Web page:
UK govt. unraveling farming 'red tape'

by Bryan Salvage
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LONDON – Work will begin immediately to cut red-tape in farming to reduce administrative burdens faced by UK farmers and food producers, announced Agriculture Minister Jim Paice. His bureaucracy-busting promise was made as the independent Farming Regulation Task Force presented its recommendations.

Following an extensive review of all regulations that affect farmers and food producers and the way they are implemented, the study makes more than 200 recommendations.

“We expect our farmers and food producers to maintain the highest standards, but the way to get them to achieve those standards isn’t to wrap them up in red tape – we need to free them from unnecessary burdens,” Paice said. “We must trust in the industry’s ability to produce our food, manage our countryside and contribute to our economic recovery.

Paice asked the task force to explore how they can move from regulations that focus on process to those that achieve the best end result. “We will continue to defend our high standards for environmental management, animal welfare and food safety,” he said. “I am particularly interested in the recommendations to allow industry to earn our trust and reward good practice with less frequent inspections.

“We have already identified a number of areas from the report where we can take immediate action, such as reducing the paperwork required under nitrate regulations and moving towards reporting all pig and cattle movement online,” he added. “I’m also pleased to announce the creation of a new Strategic Regulatory Scrutiny Panel, tasked with challenging and advising us on the way we think about regulation.”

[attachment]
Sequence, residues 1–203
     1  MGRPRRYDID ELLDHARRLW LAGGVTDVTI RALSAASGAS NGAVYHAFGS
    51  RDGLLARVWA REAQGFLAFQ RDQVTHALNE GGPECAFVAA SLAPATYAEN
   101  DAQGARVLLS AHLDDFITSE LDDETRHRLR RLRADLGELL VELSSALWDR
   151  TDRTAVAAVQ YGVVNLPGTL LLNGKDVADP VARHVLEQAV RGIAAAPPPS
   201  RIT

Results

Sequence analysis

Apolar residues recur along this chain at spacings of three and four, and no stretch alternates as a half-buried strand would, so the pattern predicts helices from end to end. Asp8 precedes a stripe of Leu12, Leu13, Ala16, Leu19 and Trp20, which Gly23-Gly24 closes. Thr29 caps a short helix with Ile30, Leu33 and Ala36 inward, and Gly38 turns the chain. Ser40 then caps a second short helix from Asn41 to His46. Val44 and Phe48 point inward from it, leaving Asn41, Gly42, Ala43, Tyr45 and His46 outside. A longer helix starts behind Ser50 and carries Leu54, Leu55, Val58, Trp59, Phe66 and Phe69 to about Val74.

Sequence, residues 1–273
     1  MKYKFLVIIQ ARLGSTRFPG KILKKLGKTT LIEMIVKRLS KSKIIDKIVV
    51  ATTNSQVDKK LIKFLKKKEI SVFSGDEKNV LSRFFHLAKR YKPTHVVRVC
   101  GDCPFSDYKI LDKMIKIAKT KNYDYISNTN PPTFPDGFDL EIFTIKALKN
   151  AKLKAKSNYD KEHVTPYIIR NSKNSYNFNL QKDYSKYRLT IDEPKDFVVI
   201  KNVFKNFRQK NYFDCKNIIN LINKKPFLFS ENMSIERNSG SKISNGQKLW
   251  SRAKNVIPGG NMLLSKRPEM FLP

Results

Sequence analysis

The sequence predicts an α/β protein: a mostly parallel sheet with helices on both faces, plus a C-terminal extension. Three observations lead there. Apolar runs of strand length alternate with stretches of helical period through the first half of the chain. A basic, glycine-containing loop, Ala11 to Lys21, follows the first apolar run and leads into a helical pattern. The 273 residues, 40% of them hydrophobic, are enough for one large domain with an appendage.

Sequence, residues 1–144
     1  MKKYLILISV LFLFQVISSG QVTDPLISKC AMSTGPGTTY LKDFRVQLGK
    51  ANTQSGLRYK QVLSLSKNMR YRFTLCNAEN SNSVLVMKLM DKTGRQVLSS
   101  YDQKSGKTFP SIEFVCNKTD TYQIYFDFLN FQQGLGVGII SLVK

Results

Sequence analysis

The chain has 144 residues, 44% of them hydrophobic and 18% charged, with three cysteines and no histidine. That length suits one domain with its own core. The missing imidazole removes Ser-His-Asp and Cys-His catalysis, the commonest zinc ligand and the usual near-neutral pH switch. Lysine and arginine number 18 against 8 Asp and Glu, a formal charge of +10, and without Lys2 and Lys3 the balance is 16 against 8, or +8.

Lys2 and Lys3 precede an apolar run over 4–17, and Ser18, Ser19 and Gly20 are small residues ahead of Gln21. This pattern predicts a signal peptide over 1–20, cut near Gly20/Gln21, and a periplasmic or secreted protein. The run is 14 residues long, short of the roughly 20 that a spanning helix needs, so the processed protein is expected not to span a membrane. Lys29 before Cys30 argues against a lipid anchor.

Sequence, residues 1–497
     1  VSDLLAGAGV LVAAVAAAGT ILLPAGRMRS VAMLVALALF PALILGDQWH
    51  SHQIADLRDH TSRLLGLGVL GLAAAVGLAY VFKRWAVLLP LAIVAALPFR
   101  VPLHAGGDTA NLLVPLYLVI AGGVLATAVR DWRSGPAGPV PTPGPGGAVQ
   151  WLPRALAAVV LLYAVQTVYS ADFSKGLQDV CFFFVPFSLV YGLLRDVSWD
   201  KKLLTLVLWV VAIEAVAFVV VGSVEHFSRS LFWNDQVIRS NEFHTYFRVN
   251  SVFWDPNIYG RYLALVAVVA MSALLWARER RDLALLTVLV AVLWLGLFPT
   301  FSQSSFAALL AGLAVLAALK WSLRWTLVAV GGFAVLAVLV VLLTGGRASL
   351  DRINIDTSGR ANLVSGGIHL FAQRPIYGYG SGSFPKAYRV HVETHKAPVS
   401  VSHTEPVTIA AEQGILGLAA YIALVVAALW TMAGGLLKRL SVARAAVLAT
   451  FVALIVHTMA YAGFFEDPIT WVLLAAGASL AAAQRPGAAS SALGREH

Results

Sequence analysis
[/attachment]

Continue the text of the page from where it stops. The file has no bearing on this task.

In the longer-term, Paice said his priority will be to cut the unnecessary paperwork that farmers and food producers have to deal with and, wherever possible, move remaining paperwork online.

Other areas where early action will be explored include:

  • Applying the principals of simplifying and removing duplication to animal welfare inspections — the DEFRA (Department for Environment, Food and Rural Affairs) hopes to consult soon on options in this area.
  • Finding ways to improve record-keeping on farms in Nitrates Vulnerable Zones, for example, by exempting organic farmers from record-keeping requirement.
  • Changing aspects of the six-day standstill arrangements so that they will no longer apply to animals moving directly between farms.
  • Rationalizing allocating County Parish Holding numbers (CPH), the system by which individual holdings are identified and allocated to farmers, so that the same rules apply to all species.
  • Move away from paper-based movement reporting for sheep, to introducing an industry-owned database.
  •  Abolishing the Cattle Tracing System (CTS) links and Sole Occupancy Agreements (SOAs), which provide specific exemptions to movement reporting and six-day standstills for farm animals, but add unnecessary complications to an already complex system.

Next, the government plans to review the Task Force’s other recommendations and publish an initial response this autumn with a full and final response early in 2012.

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